A few weeks after delivering my son, hormones and mommy guilt prompted me to take my then two-and-a-half year old daughter on a lunch date. We ended up at d’Bronx, a cute little pizza joint that we had frequented the last month of my pregnancy. So frequent in fact, I could safely credit my final weight balloon on their “Slice and A Drink” special.
We laughed. We cried. We bonded.
Okay, maybe that’s stretching it a bit. I was sleep deprived, and she was two. But as we walked out hand in hand, I felt like a rock star mom.
And then a kitten ran out into the street.
Before I knew it, Grace had released my hand and began chasing after the little streak of gray and white. Above the street noise, I could hear her sweet voice repeating over and over, “Nice kitty. Nice kitty.” And even though I couldn’t see it, I could hear a car barreling down the road.
Barreling straight toward my baby.
Throwing our leftover pizza box in the air and running as fast as my postpartum legs could carry me, I screamed, “Grace, run to mama. Run.” Her precious little face turned to mine, and I caught her hand just as the tires screeched in front her.
Tires that mercifully belonged to a police vehicle.
With my heart pounding and tears flowing, I scooped my girl up and nearly hugged the breath out of her. I kissed her face all the way to the car. And I whispered prayers of gratitude as I sat in my seat waiting for my hands to stop shaking.
The memory of that day still plays vividly in my mind. But the picture that I absolutely cannot erase is the moment that Grace turned to look at me. Even though over a ton of metal was coming straight at her, her eyes fixed on me.
She wasn’t anxious. Or nervous. Or afraid.
Instead, a quiet confidence filled her big brown eyes. It was as though as long as she had me in her sights, everything was okay. Mom had it under control.
Even with me screaming her name, throwing things and losing my everloving mind, my girl trusted me.
It made no logical sense. And yet, it illustrated the perfect truth of a peace that passes all understanding. It wasn’t just peace within a circumstance.
It was peace that defied the circumstance.
Over the last few weeks, it has become clear to me that we as Christ-followers are in desperate need of that kind of peace. Because in reality, life is filled with oncoming cars.
For some, the car will be illness. For others, loss. For others still, betrayal.
And truth be told, there will be some days that the “car” moniker just does not cut it. Because in the thick of it, adversity feels more like a Mack truck than a frou frou coupe.
But no matter the variety, whether it’s barreling toward us or knocking us flat, we can cling to the promise of God’s peace.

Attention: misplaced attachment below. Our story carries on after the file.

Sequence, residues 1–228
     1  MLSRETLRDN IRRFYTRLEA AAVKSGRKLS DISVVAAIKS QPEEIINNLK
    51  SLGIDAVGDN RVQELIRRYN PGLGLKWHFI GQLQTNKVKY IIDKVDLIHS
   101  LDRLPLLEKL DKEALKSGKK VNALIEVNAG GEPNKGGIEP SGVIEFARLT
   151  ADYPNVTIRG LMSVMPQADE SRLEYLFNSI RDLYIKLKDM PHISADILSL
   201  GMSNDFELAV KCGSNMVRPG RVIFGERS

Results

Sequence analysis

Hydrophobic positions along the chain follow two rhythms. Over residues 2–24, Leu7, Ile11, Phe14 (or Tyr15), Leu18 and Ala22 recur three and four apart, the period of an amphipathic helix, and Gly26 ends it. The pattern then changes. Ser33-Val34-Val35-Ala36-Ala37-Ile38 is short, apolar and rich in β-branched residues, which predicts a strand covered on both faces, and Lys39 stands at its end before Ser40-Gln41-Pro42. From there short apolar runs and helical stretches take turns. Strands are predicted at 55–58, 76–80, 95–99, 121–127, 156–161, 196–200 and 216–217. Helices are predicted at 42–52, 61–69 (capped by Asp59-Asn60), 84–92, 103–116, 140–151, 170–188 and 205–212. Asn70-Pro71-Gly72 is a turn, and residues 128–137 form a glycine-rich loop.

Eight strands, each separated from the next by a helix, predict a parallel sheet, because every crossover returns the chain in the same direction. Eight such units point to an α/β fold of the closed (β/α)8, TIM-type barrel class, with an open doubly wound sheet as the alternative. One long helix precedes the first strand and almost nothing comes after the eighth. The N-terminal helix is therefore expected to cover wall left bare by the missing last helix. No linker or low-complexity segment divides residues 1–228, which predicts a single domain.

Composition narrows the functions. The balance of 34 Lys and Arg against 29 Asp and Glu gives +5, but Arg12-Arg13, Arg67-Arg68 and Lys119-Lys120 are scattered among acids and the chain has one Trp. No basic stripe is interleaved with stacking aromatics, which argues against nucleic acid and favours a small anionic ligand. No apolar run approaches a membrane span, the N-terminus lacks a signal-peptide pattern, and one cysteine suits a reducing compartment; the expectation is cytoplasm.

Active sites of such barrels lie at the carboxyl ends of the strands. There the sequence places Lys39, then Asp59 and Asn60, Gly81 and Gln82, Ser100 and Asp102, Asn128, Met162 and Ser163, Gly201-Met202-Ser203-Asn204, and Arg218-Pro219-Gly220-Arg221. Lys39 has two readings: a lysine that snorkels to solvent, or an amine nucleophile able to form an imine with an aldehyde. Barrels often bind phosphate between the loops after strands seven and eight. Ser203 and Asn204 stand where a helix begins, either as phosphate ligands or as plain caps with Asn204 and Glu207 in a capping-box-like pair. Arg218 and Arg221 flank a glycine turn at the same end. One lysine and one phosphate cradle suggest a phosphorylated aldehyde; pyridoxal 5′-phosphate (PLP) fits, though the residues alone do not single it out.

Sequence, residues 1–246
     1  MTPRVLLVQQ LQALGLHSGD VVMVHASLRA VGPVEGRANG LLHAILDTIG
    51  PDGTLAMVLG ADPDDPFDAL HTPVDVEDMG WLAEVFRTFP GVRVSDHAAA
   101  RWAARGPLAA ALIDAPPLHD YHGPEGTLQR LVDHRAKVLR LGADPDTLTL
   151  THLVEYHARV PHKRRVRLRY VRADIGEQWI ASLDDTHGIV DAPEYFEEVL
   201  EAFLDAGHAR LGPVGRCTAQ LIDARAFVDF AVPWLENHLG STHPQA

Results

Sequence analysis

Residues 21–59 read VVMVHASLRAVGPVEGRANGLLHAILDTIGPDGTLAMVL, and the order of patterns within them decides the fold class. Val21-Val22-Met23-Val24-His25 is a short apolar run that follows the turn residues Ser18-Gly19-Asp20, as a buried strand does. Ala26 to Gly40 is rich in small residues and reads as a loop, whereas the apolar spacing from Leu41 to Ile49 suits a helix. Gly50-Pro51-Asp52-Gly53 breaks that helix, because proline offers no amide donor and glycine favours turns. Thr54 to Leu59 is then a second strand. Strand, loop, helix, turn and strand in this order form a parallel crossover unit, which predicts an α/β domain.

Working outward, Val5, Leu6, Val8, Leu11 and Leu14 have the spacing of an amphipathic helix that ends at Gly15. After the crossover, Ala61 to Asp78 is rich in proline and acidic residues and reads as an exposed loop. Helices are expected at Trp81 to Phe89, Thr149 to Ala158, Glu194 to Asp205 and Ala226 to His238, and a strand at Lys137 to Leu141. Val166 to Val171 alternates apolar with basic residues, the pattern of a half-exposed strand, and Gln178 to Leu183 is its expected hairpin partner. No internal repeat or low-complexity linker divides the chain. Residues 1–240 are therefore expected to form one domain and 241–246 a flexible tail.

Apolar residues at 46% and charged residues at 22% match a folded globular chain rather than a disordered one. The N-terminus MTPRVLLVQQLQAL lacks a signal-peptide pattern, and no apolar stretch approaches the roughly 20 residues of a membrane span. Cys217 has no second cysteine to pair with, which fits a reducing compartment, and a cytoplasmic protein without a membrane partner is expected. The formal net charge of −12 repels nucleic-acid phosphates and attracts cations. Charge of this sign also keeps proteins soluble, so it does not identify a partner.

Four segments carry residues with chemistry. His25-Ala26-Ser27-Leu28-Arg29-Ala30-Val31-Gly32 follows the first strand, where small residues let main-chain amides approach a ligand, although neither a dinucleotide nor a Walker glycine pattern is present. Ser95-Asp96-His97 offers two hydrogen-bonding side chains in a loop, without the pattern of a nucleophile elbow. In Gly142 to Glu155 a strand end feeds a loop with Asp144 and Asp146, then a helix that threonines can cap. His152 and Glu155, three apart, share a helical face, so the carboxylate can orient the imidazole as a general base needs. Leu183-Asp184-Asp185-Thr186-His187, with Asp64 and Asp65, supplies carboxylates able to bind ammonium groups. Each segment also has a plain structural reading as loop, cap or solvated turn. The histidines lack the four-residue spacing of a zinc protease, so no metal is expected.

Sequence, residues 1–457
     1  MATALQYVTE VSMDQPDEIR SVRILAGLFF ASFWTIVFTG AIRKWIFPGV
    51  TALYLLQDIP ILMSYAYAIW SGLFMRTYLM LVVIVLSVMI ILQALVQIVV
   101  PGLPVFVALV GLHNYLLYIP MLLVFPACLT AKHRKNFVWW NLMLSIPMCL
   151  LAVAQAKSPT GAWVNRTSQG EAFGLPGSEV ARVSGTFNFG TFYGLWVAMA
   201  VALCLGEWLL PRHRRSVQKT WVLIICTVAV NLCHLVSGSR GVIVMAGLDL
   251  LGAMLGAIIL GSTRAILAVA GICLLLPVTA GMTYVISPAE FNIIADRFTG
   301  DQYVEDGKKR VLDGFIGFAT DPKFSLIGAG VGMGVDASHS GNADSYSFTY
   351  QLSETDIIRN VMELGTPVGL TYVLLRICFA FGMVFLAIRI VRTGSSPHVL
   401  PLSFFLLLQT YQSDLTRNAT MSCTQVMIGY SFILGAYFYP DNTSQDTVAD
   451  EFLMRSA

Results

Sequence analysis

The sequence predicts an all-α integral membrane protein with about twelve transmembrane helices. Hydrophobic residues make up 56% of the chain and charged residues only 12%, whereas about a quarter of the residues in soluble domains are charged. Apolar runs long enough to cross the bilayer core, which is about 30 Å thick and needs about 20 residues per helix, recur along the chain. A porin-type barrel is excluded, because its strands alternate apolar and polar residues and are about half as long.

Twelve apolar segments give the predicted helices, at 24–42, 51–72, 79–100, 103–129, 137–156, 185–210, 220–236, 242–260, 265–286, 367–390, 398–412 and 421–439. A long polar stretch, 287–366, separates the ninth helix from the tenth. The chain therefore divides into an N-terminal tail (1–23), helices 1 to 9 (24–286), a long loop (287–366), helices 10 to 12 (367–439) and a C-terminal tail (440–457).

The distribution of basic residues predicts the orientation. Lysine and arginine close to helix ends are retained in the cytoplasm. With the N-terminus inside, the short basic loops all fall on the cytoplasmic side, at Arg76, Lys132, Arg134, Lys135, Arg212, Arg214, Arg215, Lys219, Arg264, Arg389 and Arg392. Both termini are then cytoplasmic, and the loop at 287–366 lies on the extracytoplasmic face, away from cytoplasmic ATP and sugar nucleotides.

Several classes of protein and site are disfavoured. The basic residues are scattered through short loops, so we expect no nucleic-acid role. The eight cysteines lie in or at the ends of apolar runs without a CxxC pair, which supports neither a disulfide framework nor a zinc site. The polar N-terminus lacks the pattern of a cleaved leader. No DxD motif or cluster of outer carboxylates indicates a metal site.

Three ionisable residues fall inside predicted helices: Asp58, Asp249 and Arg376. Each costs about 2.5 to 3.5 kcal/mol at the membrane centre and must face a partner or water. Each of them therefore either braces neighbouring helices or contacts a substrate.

Now sometimes, we’ll buy the lie that this kind of peace is, itself, some kind of frou frou, wishy-washy good feeling. But it’s not. This peace is gifted by God and literally blows the mind of humanity.
And people on the outside looking in just won’t get it.
It is why you might observe such sweet folks wringing their hands. Or speaking words of wishy-washy comfort. Or even trying to save you themselves.
But the truth is, God’s peace only comes when we set aside human anxiety and cease to fear what could be or even what is. It infuses us when we let go enough to fall at the feet of Jesus with broken, grateful hearts as we pray in earnest. Leaving us with the promise of Philippians 4, a peace that will pass all understanding and will guard not only our broken hearts but our minds as well.
That kind of peace can knock a giant Mack truck around like a Matchbox car.
I say this not just because I believe God will do what He says. Even though, in reality, that should be enough. I say this because I have experienced the power of God’s peace in my own life and vicariously, through the lives of those I love.
In the last few years alone, I have felt it lift me out of the greatest sadness I have ever known. I have watched it permeate the cruelest of diseases. And I have stood in awe at its quiet presence beside a tiny coffin.
I have seen God’s peace defy circumstance over and over and over again.
And the funny thing is, God isn’t freaking out. Or screaming. Or even throwing things in response to our oncoming cars.
He leaves that crazy business to us.
Instead, He calls out softly, just above the street noise, “Run, walk or crawl to me, my love. I’ll hold you close, help you breathe and give you the greatest peace this world will ever know.”
Sara Cormany guest posts on the first Friday of each month. Sara is mommy to six-year-old Grace, four-year-old Drew and one-year-old Sophie. When she is not wiping noses, changing diapers or chasing her kids, she is a sometimes writer and a sometimes teacher to teenagers. But her most cherished role is that of one who is perfectly held by Jesus. She loves watching Him take the broken, the messy and the seemingly mundane of her everyday and turn it into something beautiful.